Preventive Law for Employers
Federal Employment Law

New federal law requires unpaid breaks for nursing mothers

The health insurance reform bill signed last week by the president contains an employment law change. Section 4207 amends the federal Fair Labor Standards Act to mandate unpaid breaks for expressing milk, in a location other than a toilet stall. Because it is part of the FLSA, its provisions apply to almost all employers, although those with fewer than 50 workers will not be covered if they can show that compliance would cause undue hardship.

I am not sure what the effective date is. When I find out, I will let you know.

Here’s the text of the new section:


Section 7 of the Fair Labor Standards Act of 1938 (29 U.S.C. 207) is amended by adding at the end the following:
‘‘(r)(1) An employer shall provide—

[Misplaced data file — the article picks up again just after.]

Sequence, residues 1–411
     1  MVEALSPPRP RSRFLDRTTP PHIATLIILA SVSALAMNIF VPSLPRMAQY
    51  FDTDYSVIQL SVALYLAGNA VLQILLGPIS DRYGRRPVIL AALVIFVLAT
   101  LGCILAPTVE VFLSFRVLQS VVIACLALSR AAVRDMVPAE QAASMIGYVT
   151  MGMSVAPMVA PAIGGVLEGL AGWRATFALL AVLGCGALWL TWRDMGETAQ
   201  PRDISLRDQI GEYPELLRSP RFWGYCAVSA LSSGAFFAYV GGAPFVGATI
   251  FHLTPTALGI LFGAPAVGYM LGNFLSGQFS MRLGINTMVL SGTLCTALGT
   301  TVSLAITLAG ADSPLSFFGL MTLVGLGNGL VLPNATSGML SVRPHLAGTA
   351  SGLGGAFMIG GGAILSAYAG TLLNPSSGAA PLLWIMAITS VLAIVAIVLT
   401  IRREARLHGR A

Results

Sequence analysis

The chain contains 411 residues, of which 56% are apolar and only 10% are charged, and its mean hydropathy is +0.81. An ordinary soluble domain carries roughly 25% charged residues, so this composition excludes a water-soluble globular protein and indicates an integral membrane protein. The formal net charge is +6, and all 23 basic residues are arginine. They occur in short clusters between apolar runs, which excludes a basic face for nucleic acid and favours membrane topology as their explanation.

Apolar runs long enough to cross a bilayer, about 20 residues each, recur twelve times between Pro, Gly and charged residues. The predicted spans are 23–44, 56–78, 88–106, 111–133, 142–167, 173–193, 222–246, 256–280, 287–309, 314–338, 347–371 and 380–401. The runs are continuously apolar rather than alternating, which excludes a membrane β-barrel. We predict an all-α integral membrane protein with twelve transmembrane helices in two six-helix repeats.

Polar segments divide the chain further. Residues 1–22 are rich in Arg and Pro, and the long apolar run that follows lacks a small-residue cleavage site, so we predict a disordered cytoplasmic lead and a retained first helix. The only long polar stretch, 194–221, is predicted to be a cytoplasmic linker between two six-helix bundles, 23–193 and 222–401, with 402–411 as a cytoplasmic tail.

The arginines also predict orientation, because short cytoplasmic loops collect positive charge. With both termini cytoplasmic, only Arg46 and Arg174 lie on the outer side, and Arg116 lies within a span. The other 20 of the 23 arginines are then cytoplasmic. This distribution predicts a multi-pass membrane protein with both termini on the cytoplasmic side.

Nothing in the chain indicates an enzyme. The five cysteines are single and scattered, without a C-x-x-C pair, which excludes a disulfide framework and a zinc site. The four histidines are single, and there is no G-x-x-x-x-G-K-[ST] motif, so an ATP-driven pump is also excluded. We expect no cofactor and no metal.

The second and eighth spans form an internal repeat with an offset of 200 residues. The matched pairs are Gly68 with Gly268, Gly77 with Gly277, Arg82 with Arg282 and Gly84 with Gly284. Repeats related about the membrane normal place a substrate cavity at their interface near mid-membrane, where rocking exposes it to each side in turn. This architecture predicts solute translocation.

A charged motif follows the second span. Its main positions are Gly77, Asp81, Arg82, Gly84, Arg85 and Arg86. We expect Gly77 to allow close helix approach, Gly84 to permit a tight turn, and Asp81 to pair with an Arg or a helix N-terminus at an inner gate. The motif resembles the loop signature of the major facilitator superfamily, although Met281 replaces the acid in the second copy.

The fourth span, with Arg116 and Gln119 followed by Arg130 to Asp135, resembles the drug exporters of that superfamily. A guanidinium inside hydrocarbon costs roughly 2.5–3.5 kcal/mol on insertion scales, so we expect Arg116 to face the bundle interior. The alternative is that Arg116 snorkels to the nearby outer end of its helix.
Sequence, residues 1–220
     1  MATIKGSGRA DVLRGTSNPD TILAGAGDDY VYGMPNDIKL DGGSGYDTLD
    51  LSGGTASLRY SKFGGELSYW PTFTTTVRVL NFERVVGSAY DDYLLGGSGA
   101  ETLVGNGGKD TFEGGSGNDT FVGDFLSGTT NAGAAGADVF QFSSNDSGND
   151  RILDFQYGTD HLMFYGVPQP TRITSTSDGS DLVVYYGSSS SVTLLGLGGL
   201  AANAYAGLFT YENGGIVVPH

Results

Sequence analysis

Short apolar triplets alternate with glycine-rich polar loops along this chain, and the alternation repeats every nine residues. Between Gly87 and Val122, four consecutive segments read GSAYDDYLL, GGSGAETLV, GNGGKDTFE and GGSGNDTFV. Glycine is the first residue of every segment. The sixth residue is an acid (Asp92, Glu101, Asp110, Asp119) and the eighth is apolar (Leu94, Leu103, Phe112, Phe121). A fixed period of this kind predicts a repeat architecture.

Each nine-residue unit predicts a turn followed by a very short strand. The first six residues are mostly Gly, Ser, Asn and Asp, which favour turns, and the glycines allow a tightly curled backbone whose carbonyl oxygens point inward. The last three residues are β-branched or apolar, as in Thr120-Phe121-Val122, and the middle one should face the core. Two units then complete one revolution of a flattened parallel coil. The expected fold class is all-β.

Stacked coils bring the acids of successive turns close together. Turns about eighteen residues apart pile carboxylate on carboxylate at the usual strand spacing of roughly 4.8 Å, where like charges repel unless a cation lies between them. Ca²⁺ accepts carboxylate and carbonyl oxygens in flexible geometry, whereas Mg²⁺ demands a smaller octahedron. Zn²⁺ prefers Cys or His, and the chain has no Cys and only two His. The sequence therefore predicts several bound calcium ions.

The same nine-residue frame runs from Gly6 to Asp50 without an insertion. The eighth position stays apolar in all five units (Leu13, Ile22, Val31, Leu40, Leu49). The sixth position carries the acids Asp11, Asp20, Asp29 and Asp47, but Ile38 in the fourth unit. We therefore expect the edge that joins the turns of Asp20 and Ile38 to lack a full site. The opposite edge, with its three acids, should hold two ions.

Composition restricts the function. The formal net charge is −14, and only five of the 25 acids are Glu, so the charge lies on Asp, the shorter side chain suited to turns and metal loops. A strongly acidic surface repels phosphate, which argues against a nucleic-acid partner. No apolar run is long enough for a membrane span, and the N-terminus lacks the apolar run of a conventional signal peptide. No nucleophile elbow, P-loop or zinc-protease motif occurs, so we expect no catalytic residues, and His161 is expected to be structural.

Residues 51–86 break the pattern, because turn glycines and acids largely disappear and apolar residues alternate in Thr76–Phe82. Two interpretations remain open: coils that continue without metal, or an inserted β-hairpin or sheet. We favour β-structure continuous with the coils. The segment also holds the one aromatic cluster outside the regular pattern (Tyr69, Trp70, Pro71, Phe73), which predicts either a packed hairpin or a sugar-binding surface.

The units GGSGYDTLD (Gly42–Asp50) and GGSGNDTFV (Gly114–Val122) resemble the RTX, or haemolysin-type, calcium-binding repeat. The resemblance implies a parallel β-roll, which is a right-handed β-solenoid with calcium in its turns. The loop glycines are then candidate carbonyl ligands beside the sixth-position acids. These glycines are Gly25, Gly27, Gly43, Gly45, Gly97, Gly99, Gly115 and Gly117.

‘‘(A) a reasonable break time for an employee to express
breast milk for her nursing child for 1 year after the child’s
birth each time such employee has need to express the milk;
‘‘(B) a place, other than a bathroom, that is shielded from
view and free from intrusion from coworkers and the public,
which may be used by an employee to express breast milk.
‘‘(2) An employer shall not be required to compensate an
employee receiving reasonable break time under paragraph (1) for
any work time spent for such purpose.
‘‘(3) An employer that employs less than 50 employees shall
not be subject to the requirements of this subsection, if such requirements
would impose an undue hardship by causing the employer
significant difficulty or expense when considered in relation to
the size, financial resources, nature, or structure of the employer’s
‘‘(4) Nothing in this subsection shall preempt a State law that
provides greater protections to employees than the protections provided
for under this subsection.’’.

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